Which brings us to the obvious question of how one really assigns value to an antique or art object? How do you determine how much something is worth?
The process of appraisal, as it turns out, is surprisingly complicated, driven by a variety of sometimes conflicting variables. Perhaps no one at Shorashim is better able to explain the vagaries of appraisal as well as Sima Simon, 58, Shorashim's elegant and very knowledgeable spokeswoman.
"Criteria include the material the thing is made of, then how many of the things there are," she explains. "Obviously something rare, like a limited edition, is more valuable. Value also goes up if the object is currently fashionable and in particular demand."
"For example, porcelain tea sets were quite popular around five years ago; now, no one is buying them anymore," Simon says. "So if the object is not currently fashionable, then there's the question of how many people might be interested in it."
"Then we look at what it depicts, if it's a painting or a piece of sculpture," she continues. "You take a lot of criteria into consideration until you can say, 'This is the price range.' It's never one fixed price, because you also have to factor in considerations like insurance, the cost to sell it, whether or not it could be replaced if something happened to it, and so on."
Simon points out that in addition to all of these criteria, auctions are a particularly valuable indicator of how much something is worth. "Even when you decide professionally how much something is worth, how much it costs, in the end the true value is how much someone is willing to pay. That's the bottom line. So in assessing the value of an object, we also need to see whether something similar has been sold recently, and at what price.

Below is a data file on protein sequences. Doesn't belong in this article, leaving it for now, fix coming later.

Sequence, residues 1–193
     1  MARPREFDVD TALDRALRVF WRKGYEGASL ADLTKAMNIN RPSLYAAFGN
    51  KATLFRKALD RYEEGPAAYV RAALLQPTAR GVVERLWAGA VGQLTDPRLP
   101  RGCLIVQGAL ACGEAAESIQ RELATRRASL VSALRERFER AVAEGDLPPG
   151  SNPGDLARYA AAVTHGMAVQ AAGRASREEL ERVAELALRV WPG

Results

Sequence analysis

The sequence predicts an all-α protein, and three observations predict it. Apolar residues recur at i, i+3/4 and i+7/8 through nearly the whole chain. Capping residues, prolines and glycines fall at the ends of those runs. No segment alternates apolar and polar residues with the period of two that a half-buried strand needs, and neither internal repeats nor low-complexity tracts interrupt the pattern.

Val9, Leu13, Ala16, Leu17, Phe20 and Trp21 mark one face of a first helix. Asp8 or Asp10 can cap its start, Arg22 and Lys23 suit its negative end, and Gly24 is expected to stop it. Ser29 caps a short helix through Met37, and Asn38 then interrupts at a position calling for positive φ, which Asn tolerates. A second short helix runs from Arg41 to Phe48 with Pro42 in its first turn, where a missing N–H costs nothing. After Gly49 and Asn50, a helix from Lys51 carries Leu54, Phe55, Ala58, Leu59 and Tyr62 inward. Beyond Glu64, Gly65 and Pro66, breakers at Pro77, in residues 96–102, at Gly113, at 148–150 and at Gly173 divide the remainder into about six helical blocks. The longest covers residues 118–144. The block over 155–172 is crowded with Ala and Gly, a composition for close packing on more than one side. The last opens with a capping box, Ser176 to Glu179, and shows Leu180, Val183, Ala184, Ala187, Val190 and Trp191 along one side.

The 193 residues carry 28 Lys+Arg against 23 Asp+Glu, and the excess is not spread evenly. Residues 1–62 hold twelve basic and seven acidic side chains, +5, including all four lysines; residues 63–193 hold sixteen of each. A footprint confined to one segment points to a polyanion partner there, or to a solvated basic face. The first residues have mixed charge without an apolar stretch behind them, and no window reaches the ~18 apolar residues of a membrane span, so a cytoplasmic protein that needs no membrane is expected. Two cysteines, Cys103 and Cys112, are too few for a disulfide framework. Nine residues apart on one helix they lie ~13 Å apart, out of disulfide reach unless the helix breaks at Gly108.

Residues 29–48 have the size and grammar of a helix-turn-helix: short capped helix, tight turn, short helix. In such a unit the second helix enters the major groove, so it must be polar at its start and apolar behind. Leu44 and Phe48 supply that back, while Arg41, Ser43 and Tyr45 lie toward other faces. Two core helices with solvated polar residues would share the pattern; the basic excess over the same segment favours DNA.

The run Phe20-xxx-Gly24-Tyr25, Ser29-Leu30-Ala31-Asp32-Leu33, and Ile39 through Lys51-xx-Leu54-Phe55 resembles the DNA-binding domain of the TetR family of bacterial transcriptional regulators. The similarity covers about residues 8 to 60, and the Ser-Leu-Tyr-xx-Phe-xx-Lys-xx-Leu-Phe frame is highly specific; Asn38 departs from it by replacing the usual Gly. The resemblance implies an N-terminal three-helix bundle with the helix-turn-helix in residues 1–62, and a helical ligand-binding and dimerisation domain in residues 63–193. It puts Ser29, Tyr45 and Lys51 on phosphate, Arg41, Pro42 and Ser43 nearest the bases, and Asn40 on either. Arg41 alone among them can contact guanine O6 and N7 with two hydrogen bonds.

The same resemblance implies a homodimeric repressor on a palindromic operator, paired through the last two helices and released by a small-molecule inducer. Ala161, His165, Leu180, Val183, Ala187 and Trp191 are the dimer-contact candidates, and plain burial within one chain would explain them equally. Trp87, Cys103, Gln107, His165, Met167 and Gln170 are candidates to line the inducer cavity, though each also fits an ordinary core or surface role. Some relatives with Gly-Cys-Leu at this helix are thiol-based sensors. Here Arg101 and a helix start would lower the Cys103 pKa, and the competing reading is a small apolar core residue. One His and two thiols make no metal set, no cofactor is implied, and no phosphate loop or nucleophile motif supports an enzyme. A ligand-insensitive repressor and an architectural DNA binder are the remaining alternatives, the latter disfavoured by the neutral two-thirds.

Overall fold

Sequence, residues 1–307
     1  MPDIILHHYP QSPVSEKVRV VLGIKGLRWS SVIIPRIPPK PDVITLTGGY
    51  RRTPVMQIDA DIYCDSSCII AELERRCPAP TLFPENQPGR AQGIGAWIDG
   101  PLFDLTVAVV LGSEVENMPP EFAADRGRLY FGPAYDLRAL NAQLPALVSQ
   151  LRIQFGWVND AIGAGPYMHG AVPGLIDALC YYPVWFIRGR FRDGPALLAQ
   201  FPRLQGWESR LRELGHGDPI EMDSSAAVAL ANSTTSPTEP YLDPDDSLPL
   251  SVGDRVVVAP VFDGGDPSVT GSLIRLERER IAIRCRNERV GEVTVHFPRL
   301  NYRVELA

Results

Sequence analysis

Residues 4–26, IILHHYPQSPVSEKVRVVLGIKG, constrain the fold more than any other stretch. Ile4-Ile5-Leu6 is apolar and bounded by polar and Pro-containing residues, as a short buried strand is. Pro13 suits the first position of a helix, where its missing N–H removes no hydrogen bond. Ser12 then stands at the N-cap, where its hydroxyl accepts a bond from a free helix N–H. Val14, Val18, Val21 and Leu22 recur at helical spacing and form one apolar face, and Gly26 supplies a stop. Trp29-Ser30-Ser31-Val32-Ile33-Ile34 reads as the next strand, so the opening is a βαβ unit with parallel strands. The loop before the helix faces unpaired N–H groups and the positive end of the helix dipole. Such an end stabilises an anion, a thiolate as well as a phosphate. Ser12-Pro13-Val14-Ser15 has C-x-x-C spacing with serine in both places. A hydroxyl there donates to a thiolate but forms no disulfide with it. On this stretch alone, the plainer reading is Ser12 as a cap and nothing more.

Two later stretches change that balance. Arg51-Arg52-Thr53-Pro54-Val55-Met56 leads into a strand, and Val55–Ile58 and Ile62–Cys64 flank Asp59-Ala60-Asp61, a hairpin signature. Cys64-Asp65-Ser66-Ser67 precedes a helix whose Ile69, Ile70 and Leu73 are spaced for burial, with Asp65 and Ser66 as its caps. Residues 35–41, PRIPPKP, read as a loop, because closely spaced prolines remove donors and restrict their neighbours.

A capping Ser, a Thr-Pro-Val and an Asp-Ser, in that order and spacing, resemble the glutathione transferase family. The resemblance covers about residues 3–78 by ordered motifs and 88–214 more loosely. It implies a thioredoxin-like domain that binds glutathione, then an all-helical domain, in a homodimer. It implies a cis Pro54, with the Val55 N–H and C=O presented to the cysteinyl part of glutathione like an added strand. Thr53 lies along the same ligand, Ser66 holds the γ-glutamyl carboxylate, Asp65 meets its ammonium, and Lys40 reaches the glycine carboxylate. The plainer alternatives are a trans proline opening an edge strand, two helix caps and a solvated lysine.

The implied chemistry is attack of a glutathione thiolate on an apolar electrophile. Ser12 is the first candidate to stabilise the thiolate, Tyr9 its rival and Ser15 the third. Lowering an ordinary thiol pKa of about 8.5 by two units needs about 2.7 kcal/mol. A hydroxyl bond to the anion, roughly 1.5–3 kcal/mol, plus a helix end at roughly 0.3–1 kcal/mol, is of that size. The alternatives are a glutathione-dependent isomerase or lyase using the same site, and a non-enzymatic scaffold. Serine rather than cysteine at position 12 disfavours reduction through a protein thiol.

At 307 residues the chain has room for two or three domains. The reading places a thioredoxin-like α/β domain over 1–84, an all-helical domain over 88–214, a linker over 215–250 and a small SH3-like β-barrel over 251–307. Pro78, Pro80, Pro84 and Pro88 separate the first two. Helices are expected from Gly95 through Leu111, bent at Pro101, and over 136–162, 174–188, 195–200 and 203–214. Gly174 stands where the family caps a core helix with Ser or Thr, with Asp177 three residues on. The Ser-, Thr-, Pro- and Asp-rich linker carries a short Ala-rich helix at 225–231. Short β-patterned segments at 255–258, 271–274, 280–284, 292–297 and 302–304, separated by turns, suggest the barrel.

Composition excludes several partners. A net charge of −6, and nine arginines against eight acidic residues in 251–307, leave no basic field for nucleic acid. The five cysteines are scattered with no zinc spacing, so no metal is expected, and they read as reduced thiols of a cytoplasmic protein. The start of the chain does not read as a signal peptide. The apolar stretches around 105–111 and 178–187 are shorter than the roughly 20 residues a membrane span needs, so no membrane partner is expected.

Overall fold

"That's where auctions come in. They provide a lot of information about recent sales and prices. That's why we call auctions the pulse of the art and antique market," she says.
Yet even this is complicated, Simon cautions, because auctions are often driven by factors that have nothing to do with an object's worth.
"You can't always draw your conclusions from the highest bid at one auction, because it sometimes happens that something at an auction is so desired by two persons that they just keep bidding against each other until the object's price is driven up artificially high," Simon says. "Then it's no longer about the object, or its value, but instead about the egos of the two competing bidders. Each simply insists on winning and refuses to let the object go. So you have to take several auctions into consideration."
This, says Simon, also enables the art dealer to see trends, like whether an antique object or the works of a particular artist are going up or down in price.
"Some painters, for example, who were very known and desired ten years ago, are not in much demand now. Others, who were unknown in auctions ten years, ago are now hot," she explains.
Simon says that the dynamics of an auction are often so subtle and nuanced that they require a fairly high level of expertise to navigate them successfully. The art and science of buying and selling at auctions are among the subjects that are taught to students in Shorashim's school of art and antique appreciation.
The art and antique world draws a fine distinction between "antiques" and "collectibles."
"Antiques are things that were produced more than around 80 years ago. Although that number changes for certain things. But certainly, anything made after World War Two is called a 'collectible,' rather than an antique," she says.